The next layer was a slight against my dad. I don’t know why, or that my dad had done to upset him, but Grandpa wasn’t happy with my father and I was in Arkansas staying with him. I don’t remember if he said it to me or I overheard it but he clearly stated that my mom could have done better than my dad. Like I said, I don’t know the circumstances that brought on the statement, and like the incident prior, I can understand popping off in anger and not meaning what was said. I never pursued anything on the topic, I didn’t defend my dad (or at least don’t remember doing so) and I let that little slight fester. I don’t know if that’s what he really thought or if it was just a statement made in frustrated anger. And I never will. I added that the foundation that I had laid and just added to the wall I was already building. I simply couldn’t let go.

Those two alone were enough to create a rift such that when I stopped being a kid and stopped going up for the summers I pretty much didn’t write or call. I wasn’t actively not speaking to him but I certainly wasn’t reaching out. I doubt he even knew why I wasn’t, I doubt he even knew I harbored resentment about those two things that seem so small today.

The rest of the wall was all me and had really nothing to do with him. As an adult, before I got my shit together, I borrowed some money from him. Like all of my borrowing back then I fully intended to pay him back. I never intended to be a complete flake but the reality is that I was. I didn’t give a time frame but I guess a three or four years make things pretty obvious and he was rightfully upset with me about it. When my grandmother passed 14 years ago I tried to mend fences and told him, in person, that I had changed and wanted to right that wrong. He told me that when they loaned me the money he knew I wasn’t going to pay it back and he told grandma that they’d consider it a gift before he even sent it and that he didn’t want the money. I accepted this and was glad to know that we had talked and that we were alright. Some part of me wanted the wall I was building torn down.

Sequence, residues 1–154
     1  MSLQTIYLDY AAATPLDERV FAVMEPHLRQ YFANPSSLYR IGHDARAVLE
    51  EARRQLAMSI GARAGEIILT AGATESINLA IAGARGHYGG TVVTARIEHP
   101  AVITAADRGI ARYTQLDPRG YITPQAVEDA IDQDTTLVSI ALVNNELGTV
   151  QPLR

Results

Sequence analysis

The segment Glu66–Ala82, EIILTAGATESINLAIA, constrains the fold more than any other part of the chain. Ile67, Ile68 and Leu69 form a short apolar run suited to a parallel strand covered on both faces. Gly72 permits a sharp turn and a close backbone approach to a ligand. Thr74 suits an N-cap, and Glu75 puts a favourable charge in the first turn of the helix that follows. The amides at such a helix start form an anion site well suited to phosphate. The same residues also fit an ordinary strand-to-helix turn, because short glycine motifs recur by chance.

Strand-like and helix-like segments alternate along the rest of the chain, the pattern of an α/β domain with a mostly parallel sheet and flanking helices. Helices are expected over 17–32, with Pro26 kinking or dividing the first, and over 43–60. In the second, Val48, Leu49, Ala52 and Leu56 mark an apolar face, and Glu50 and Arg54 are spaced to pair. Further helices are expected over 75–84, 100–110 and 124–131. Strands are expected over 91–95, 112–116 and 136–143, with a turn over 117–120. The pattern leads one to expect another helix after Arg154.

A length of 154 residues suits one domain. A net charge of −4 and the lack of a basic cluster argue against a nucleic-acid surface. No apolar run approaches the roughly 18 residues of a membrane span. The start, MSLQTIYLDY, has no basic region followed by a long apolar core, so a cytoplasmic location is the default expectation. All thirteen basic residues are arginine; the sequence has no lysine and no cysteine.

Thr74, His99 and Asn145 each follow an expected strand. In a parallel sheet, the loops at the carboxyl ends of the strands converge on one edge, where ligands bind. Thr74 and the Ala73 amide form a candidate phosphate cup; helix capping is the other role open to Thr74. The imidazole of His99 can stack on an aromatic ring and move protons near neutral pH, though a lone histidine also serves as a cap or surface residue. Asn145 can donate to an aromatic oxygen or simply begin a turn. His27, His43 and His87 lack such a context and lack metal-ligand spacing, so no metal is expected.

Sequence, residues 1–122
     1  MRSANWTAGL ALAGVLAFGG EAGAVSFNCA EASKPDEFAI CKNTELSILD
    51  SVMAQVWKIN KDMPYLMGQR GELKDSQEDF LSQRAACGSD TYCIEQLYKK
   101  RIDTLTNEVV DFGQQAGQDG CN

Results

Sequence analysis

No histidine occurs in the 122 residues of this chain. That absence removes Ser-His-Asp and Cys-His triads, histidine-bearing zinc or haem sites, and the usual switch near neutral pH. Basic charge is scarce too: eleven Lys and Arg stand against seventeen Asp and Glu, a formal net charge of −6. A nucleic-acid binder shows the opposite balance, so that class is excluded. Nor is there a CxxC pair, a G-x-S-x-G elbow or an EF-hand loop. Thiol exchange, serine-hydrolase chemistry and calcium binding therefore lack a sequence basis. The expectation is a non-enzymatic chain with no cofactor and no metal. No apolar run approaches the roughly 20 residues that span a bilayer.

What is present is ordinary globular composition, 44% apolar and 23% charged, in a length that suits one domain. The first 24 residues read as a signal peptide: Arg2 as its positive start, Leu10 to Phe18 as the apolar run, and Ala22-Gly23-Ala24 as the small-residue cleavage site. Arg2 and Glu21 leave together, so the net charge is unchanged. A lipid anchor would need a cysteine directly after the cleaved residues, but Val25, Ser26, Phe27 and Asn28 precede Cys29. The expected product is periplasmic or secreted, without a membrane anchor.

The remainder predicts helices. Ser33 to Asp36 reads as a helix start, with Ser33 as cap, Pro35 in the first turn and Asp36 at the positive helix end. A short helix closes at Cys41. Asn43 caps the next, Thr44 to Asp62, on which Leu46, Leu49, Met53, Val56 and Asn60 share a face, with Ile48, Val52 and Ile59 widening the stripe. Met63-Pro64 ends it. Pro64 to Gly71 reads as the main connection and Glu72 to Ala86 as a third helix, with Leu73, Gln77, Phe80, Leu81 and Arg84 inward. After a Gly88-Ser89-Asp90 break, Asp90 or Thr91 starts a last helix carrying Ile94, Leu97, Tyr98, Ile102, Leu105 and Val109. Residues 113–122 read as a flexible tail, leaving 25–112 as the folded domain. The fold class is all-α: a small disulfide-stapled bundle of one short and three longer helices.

Unfortunately I heard through the grapevine that he later said I had taken advantage of him in his grief and was upset about it. I never even remotely thought that was the case and certainly was never my intention. However this didn’t make sad and want to fix the problem, this made me angry and my pride wouldn’t let me change things. When you say thing you mean a thing, goddammit! This was not the last brick but some of them I took offense for others and those aren’t my stories to tell. This was the brick that changed things from simply not seeking engagement to avoidance. There were other perceived slights along the way, but in the end these are the major incidents that I can chalk up to my pride being my worst enemy and that are my stories to tell.